The hypertrophic synovium reduces oxygen tension within the joint to hypoxic levels, which can fall below 1% (51). This environment alters macrophage respiration through upregulation of HIF-1α, reducing oxidative phosphorylation and promoting anaerobic glycolysis which supports their pro-inflammatory activation in situ (52, 53). This environmental effect has been demonstrated in a myeloid specific HIF-1α deletion transgenic that results in reduced inflammation and joint swelling in a murine model of arthritis (54). To date, two distinct populations of blood-derived pro-inflammatory monocytes have been described to traffic into the inflamed synovium in models of RA, driving expansion of macrophage numbers. Classical Ly6C+ monocytes drive inflammation in adjuvant and antigen-induced arthritis whilst recruitment of non-classical Ly6C- cells occurs in sterile models of autoantibody-induced arthritis (29, 55). Ly6C- cells will traffic to the site of inflammation, and during the effector phase, differentiate into an M1 type pro-inflammatory classically activated macrophage which drives pathology without altering the number of SMacs. Interestingly the same population of activated macrophages can subsequently change their polarization to a non-classical M2 anti-inflammatory phenotype which are necessary for the resolution of the inflammation (29). This plasticity in response suggests that conversion of pro-inflammatory macrophages to a pro-resolution phenotype may be a viable therapeutic strategy in human disease.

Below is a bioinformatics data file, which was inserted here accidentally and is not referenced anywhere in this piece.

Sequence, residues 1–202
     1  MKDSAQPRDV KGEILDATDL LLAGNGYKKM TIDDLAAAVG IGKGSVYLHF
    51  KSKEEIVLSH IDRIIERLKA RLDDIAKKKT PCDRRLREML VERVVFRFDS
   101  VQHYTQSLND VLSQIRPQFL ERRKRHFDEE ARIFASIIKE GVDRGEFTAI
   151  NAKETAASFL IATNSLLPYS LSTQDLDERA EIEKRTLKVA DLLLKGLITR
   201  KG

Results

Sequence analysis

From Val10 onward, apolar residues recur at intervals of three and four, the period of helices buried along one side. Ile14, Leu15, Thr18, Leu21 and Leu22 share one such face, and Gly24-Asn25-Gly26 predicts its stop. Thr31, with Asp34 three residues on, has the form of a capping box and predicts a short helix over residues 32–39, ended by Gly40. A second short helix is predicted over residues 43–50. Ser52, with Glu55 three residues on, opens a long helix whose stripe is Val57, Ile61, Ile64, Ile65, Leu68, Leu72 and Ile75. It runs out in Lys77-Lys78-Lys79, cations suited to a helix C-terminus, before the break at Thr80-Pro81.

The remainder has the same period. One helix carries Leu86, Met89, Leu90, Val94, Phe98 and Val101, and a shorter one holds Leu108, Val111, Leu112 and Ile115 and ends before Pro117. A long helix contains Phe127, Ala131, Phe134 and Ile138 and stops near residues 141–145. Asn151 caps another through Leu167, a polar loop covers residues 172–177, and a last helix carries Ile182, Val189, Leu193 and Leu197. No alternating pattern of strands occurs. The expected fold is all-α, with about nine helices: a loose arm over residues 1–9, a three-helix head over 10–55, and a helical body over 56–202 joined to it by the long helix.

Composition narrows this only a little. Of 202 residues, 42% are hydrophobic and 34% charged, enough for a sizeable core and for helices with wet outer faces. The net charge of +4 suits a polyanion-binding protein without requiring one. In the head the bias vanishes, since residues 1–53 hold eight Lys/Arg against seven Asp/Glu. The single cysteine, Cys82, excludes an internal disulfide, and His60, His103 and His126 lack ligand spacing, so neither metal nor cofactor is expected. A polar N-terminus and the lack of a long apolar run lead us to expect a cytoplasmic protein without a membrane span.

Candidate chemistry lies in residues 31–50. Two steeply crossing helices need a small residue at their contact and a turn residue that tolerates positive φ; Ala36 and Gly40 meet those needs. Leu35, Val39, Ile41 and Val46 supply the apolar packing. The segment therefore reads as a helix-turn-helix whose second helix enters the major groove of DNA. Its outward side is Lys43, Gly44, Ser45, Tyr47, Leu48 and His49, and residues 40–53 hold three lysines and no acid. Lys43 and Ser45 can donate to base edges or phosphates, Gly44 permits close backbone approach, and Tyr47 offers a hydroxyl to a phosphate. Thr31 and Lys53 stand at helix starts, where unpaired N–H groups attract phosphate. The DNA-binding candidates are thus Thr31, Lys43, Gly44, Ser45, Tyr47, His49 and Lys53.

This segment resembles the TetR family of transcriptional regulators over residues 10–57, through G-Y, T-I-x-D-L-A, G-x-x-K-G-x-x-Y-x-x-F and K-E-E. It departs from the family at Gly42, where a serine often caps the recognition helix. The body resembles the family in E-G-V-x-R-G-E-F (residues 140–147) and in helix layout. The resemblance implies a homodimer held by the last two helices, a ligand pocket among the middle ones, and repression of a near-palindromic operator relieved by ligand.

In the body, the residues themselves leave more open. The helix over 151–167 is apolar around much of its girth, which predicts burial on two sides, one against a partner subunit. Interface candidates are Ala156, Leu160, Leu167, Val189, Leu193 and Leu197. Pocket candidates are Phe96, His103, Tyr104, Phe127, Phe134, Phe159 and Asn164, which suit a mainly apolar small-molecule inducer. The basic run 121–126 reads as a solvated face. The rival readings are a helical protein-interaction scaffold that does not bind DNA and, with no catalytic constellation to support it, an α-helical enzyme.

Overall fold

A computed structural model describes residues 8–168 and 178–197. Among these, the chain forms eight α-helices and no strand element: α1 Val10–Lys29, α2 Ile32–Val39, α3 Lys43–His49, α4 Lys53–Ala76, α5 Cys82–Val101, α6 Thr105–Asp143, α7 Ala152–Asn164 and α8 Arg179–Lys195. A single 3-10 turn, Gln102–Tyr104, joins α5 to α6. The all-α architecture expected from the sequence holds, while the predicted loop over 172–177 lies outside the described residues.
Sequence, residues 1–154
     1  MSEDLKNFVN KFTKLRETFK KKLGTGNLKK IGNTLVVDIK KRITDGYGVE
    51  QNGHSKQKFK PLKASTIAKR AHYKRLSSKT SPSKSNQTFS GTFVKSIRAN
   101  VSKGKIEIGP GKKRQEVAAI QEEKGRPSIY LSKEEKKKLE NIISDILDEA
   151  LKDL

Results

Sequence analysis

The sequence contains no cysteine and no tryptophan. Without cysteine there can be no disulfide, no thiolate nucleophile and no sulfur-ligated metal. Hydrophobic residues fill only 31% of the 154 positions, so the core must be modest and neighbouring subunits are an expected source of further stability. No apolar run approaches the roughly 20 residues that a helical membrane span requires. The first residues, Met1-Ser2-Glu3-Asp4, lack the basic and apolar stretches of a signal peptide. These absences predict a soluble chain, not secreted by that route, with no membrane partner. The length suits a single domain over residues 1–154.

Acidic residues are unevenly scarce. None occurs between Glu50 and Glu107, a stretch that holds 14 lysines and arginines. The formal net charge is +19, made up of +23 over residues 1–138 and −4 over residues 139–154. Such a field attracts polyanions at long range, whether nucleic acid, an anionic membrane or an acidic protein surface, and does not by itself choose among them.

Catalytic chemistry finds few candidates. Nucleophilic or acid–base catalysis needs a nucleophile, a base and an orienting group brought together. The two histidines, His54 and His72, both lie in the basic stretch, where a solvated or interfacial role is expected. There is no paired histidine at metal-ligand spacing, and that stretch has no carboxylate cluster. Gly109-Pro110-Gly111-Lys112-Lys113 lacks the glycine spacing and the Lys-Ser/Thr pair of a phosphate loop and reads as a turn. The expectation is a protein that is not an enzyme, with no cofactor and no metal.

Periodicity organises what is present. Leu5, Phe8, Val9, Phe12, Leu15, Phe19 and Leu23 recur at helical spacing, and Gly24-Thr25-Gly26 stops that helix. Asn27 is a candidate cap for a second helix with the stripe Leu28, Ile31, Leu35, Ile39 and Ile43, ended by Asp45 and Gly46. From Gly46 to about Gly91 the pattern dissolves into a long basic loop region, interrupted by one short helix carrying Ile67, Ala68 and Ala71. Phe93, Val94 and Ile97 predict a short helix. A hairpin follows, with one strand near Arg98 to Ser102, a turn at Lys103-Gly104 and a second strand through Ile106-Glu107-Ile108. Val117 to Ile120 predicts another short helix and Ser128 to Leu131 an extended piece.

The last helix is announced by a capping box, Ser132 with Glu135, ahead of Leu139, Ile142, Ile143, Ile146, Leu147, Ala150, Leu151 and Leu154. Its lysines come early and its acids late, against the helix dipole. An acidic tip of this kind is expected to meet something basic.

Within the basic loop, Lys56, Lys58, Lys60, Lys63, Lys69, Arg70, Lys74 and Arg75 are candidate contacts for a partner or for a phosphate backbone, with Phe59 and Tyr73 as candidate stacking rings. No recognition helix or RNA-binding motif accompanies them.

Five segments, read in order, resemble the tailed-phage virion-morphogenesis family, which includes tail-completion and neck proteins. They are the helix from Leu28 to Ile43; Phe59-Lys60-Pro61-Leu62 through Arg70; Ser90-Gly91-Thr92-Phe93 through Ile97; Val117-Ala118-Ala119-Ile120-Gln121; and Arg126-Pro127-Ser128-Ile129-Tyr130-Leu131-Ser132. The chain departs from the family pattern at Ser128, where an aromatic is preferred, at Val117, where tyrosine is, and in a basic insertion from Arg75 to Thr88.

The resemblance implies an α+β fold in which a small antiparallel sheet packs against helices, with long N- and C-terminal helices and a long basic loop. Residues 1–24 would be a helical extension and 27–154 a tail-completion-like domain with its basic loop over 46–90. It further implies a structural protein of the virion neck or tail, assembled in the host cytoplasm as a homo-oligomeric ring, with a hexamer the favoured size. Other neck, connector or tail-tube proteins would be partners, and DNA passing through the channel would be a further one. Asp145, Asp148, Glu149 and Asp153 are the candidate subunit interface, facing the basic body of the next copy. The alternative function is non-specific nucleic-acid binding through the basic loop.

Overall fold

Macrophage Subsets in Rheumatoid Arthritis

Early histological studies of inflamed patient tissue identified distinct subsets of macrophages in the synovium depending on labeling by combinations of individual antibody clones (56). The frequency of these distinct subsets was found to change depending on levels of disease activity in the tissue examined. In active disease, pro-inflammatory MDMs constitute the majority of synovial macrophages (49), and when isolated from inflamed tissues of RA patients with active disease release proinflammatory mediators (such as TNF, IL-1, IL-6, CXCL8 and CCL2) (5759) and were able to stimulate autologous T cells (60). The pro-inflammatory nature of RA MDM is now well-established, with secretion of CXCL4 and CXCL7 to attract neutrophils and monocytes to the inflamed joint (61) and release of cytokines such as TNF-α, IL-1, IL-6, GM-CSF and TGF-β are well-documented (6264). Infiltrating MDM in the synovium can be identified with an antibody against an epitope on the alarmins S100A8/9 (65), and are susceptible to anti-TNF therapy, leading to their rapid removal (49, 66). In contrast, SMacs are not affected by anti-TNF treatment (66), demonstrating that specific targeting of MDMs may be possible as a treatment strategy.

As technology has progressed, the complexity of this heterogenous mixture of macrophages in the synovium during disease is being revealed. Using refined ultrasound guided tissue biopsy techniques of synovium in combination with single-cell transcriptomics approaches have provided more consistent tissue samples and given further insight into the heterogeneity of this population (37, 38, 67). Recently, distinct clusters of SMacs or MDMs with diverse homeostatic, inflammatory, resolving or regulatory functions have been identified (36). Importantly, protective or pro-repair macrophages (MerTK+/CD206+) could be distinguished from those with pro-inflammatory gene signatures (MerTK-/CD206-). This study has further suggested that these two distinct functional subsets can be further stratified into a total of nine distinct populations based on gene expression patterns. Intriguingly, the frequency of these populations changes depending on disease activity. For example, a subset of CD163+/MerTK+/CD206+ macrophages were greatly increased in RA patients in remission compared to those with active disease. Understanding how these individual subsets react and change between disease and remissive states will be crucial for our understanding of which subsets to target and influence in order to drive an anti-inflammatory, pro-resolving therapy.